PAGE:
Men on Tinder app generally think that when they go on a date with women less attractive than what her profile picture shows, they are entitled to have casual sex with her to compensate for 'breach of trust,' finds a study.
Researchers found that men think they have a licence to use women as they see fit.
"Everyone sees themselves as behaving honestly, while presenting the best possible branded version of themselves. Many of our respondents felt let down on meeting a woman and feeling that a visual representation hadn't been accurate," said Jenny van Hooff from the Manchester Metropolitan University in Britain.
"Some of our respondents felt that this breaking of trust was a licence (for them) to use their date as they saw fit, thereby speeding up intimacy and undermining it at the same time," Hooff added.
Sociologists from the university carried out a study on use of Tinder among men to find out how Tinder affected the nature of participants' relationships and intimacies.
"It is natural for human beings to take advantage of each other; and Tinder hasn't changed this, but made it easier," said Hooff.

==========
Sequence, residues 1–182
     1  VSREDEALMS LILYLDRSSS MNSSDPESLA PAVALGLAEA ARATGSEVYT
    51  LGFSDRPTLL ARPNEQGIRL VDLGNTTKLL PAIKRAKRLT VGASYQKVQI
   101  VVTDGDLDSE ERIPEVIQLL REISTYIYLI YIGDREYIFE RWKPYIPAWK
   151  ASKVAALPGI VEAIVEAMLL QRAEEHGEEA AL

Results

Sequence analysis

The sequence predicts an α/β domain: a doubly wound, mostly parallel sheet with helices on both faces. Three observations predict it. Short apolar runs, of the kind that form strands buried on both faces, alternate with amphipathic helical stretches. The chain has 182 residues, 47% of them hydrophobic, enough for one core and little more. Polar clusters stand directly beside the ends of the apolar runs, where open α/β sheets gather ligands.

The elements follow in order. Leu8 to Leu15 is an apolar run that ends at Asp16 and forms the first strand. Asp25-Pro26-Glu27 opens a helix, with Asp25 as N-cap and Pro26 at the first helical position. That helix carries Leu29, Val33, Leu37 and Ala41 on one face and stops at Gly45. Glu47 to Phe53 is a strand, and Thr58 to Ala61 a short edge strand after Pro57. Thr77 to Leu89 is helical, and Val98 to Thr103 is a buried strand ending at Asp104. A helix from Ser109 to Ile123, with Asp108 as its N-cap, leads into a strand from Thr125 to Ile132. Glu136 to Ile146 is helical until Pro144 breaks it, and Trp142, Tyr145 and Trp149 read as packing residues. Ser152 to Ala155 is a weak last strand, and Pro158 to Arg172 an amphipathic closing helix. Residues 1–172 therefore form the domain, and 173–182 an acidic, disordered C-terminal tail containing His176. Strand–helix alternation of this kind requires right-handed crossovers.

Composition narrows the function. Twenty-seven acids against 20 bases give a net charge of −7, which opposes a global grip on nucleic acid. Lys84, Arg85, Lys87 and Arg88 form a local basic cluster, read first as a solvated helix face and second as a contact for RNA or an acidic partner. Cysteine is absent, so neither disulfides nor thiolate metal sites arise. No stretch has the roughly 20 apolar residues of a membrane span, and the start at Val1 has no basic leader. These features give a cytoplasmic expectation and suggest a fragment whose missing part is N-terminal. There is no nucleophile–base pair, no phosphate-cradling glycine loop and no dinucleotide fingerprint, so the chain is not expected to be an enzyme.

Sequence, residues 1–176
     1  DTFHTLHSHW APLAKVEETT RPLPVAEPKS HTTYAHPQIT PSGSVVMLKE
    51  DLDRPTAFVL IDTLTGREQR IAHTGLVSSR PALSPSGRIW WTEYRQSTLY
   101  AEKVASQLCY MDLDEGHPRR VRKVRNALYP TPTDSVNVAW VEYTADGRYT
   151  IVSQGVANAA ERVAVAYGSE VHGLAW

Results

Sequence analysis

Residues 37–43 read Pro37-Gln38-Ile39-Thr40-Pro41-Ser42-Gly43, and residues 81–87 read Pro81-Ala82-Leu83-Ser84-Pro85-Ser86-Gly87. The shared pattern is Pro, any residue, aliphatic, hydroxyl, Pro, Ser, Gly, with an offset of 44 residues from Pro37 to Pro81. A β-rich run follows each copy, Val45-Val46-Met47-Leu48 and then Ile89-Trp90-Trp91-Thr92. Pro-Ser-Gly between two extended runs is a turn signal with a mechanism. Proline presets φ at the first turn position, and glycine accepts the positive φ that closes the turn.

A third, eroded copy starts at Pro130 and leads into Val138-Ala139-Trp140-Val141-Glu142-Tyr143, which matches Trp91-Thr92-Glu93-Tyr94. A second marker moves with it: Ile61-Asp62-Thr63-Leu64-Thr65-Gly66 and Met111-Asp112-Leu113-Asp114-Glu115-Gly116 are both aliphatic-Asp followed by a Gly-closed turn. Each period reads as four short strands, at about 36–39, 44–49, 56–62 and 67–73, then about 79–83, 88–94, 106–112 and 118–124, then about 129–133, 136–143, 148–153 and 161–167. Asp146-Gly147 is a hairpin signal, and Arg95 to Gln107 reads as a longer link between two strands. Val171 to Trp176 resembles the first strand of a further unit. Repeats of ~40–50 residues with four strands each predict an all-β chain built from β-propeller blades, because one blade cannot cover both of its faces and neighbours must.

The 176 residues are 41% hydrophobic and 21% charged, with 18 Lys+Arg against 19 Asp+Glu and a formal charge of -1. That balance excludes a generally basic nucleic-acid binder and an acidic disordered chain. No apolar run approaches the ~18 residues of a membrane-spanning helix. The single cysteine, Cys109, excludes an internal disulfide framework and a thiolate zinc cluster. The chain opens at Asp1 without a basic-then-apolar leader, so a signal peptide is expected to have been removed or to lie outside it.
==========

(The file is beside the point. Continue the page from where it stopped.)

"Self-promotion encouraged by digital culture appears to undermine authenticity in romantic encounters, often leading to disappointment in our participants' experiences," she said.
The researchers explored whether the choice of dating apps implies changes in dating experience.
They found that Tinder and other dating apps had "commodified" relationships, while at the same time making them easily available.
This could be liberating for men, but also made them feel vulnerable about how attractive and successful they were with women.
“The ready access of potential matches intensified feelings, so that on meeting someone a connection is already established. However, this also makes it more disposable, with relationships being ended quickly with little or no explanation - with Tinder, the intimacy is speeded up, as one participant claimed,” Hooff noted.
(With agency inputs)